The potential use of nanomaterials in medicine offers opportunities for novel therapeutic approaches to treating complex disorders. For that reason, a new branch of science, named nanotoxicology, which aims to study the dangerous effects of nanomaterials on human health and on the environment, has recently emerged. However, the toxicity and risk associated with nanomaterials are unclear or not completely understood. The development of an adequate experimental strategy for assessing the toxicity of nanomaterials may include a rapid/express method that will reliably, quickly, and cheaply make an initial assessment. One possibility is the characterization of the hemocompatibility of nanomaterials, which includes their hemolytic activity as a marker. In this review, we consider various factors affecting the hemolytic activity of nanomaterials and draw the reader’s attention to the fact that the formation of a protein corona around a nanoparticle can significantly change its interaction with the red cell. This leads us to suggest that the nanomaterial hemolytic activity in the buffer does not reflect the situation in the blood plasma. As a recommendation, we propose studying the hemocompatibility of nanomaterials under more physiologically relevant conditions, in the presence of plasma proteins in the medium and under mechanical stress.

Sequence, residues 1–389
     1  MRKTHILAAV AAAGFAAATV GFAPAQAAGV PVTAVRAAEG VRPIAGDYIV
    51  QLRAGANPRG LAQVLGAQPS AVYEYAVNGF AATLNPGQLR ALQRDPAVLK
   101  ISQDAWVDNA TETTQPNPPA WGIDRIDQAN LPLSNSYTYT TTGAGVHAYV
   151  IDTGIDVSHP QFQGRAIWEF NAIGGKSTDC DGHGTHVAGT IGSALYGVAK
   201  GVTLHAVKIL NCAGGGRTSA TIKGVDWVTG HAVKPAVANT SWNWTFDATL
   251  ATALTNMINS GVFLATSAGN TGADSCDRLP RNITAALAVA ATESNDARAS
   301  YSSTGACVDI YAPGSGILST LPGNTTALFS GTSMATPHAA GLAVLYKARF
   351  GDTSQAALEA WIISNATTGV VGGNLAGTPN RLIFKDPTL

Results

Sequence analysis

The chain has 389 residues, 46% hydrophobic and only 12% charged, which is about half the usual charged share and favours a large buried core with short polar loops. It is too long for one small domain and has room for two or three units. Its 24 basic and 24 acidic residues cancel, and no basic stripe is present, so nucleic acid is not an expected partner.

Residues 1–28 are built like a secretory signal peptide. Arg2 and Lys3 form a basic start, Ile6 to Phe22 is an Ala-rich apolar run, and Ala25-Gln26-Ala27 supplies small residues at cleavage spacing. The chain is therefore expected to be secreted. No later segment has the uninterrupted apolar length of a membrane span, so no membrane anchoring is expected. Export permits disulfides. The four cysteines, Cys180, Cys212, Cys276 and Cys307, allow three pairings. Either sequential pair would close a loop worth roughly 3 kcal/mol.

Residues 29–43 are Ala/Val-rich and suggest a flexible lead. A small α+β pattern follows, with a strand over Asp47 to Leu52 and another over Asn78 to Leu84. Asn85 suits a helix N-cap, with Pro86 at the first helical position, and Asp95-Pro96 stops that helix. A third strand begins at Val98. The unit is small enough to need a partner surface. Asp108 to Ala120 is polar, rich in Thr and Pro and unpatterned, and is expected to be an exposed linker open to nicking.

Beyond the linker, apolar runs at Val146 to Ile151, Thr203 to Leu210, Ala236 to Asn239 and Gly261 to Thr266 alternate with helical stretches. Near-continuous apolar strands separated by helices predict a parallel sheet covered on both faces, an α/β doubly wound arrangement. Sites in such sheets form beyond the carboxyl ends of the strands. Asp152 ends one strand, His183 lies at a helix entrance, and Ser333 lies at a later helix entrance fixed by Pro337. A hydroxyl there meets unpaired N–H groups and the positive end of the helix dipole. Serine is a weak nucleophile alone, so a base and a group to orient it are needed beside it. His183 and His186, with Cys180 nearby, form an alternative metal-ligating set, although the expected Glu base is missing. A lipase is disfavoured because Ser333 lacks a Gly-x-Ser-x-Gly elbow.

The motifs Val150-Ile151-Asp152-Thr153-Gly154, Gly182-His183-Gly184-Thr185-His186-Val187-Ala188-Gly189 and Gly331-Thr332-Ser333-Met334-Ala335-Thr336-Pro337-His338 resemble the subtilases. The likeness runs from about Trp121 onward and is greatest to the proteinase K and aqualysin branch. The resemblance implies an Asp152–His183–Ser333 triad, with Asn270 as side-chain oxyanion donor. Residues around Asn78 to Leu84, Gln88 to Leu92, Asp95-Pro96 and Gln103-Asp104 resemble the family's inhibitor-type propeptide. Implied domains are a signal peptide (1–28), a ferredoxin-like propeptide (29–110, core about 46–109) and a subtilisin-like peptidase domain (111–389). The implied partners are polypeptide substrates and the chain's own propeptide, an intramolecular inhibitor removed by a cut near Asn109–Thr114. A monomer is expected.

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- hemolytic activity
- red blood cells